by Leona

Chen Chia-Ling is back, and this time, she is bringing all the nostalgia, humour and heartache back to season two of The Making of an Ordinary Woman.

The format for season two remains the same. We jump back and forth between present and past, and each time we veer between time periods, we get a better understanding of Chia-Ling and her complicated relationship with her family. And if you caught season one, you have all the more reason to watch this sophomore season. Here’s why.

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This may be a Taiwanese drama but its themes are highly relatable, especially for women. We know Chia-Ling has a love-hate relationship with her mother, and in each episode, we get glimpses of how this complicated relationship came to be. Her mother always means well, but her crude methods often lead to disastrous results. In each episode, we gain a new layer of understanding why. Chia-Ling’s mother came from a less-than-privileged background, and she is too eager for her daughter to do well without really understanding what Chia-Ling needs.

The show also touches on gender inequality through a mini and hilarious story arc revolving around a young Chia-Ling menstruating for the very first time. Alas, her mother is not around when she first starts spotting, and her helpless father doesn’t quite know what to do. Through educating her about the perils of menstruation, her mother and grandmother end up painting a bleak picture of a woman’s role in life in a funny song and dance routine that belies the starkness of their message.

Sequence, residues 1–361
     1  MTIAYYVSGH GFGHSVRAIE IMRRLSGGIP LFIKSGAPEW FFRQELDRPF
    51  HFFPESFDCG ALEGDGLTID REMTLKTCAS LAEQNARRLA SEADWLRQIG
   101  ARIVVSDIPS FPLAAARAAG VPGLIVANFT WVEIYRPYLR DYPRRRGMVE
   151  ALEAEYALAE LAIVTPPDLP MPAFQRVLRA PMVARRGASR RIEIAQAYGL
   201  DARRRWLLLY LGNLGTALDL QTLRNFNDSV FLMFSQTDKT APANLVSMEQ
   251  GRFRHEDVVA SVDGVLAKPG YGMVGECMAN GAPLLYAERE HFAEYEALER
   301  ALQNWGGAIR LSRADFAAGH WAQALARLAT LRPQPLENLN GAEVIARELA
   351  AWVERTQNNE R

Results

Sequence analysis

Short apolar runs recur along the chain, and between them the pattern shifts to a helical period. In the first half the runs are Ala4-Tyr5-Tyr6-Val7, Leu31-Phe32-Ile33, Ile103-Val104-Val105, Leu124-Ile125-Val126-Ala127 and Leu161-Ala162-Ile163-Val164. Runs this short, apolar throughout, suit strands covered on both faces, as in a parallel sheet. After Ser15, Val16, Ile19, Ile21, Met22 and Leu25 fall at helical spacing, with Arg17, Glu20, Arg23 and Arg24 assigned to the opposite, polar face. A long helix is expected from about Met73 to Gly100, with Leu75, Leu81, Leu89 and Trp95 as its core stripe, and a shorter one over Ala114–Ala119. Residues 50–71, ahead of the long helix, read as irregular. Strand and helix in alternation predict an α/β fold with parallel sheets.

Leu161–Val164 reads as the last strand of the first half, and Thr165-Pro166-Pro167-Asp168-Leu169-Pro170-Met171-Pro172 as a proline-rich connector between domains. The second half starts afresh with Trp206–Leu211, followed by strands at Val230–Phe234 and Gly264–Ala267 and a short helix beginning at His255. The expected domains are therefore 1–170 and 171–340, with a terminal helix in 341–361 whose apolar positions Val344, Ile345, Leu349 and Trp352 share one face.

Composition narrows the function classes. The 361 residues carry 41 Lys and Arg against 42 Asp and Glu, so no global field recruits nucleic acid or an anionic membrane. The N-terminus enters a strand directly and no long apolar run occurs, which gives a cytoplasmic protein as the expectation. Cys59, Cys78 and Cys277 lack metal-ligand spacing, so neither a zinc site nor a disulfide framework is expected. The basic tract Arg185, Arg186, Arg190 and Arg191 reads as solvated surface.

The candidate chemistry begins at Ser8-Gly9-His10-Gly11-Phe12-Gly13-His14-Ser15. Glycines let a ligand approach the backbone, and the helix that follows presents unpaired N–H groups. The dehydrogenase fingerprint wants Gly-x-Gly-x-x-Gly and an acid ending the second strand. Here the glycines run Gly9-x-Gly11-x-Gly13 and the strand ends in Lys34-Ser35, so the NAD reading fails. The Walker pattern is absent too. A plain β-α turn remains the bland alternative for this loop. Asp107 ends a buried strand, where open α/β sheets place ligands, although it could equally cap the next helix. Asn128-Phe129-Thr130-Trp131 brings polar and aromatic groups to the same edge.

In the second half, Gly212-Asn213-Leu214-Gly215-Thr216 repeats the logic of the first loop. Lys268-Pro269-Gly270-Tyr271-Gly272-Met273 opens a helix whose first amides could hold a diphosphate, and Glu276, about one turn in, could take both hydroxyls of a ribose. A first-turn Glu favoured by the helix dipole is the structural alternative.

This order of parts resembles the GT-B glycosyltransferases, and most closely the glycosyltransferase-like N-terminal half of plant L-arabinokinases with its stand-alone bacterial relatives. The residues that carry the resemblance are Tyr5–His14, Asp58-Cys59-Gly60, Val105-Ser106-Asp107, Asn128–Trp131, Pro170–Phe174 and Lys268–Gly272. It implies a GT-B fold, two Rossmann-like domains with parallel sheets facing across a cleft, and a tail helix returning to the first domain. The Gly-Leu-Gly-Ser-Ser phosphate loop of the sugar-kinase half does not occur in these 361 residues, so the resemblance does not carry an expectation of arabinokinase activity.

Mortality and filial piety are also themes portrayed in the series in a nuanced way. Chia Ling’s father has a health scare in one of the early episodes, which shakes the entire family. We see how each family member deals with it in different ways.

The beauty of The Making of an Ordinary Woman is how it humorously deals with sombre issues, such as a botched tattoo in a scene about mortality, a long night with a youthful company to come to terms with growing old, and the shenanigans brought about by Chia-Ling’s new house to show the complexities of family dynamics.

Do watch out for episode three, where Chia-Ling’s parents get to flex their barely-there knowledge of English, creating much hilarity. But behind this scene of laughs lies a layer about family love. We see how Chia-Ling’s dad is so proud of his daughter, and Chia-Ling displays her affection for her father through small gestures.

There is a particularly poignant scene involving Chia-Ling’s dad in the past, which could easily be a page taken out of our past as well. Chia-Ling is with her classmates in her room, and her dad arrives with snacks and a poster of a boy band. She doesn’t appreciate both and thinks her dad is embarrassing her. This may be reminiscent of our childhood as well. Things we thought our parents did were embarrassing then were gestures that show they love us.

The cast, especially Bella Wu, who plays prepubescent Chia-Ling, are brilliant in their roles and enjoy great chemistry with one another. You don’t feel like watching a drama series but instead, watching a real-life family’s drama unfolding on screen. And that is the genius of directors Yi-Wen Yen and Zhang-Lun Chen, who draw raw emotions from the series’ stars.

Apart from the cast, there are many cameos from the likes of Golden Bell Award winner Tien-Hsin (for the 2011’s series Who’s the One), athelete-turned-actor Lego Lee, veteran TV programme host and six-time Golden Bell Award winner Tzu-Chiang Chao, and the Indie band WonFu.

If you’re in the mood for some laughs, life lessons, or reminiscence about the past, The Making of an Ordinary Woman ticks all the checkboxes. Season 2 is now available exclusively on CATCHPLAY+: 

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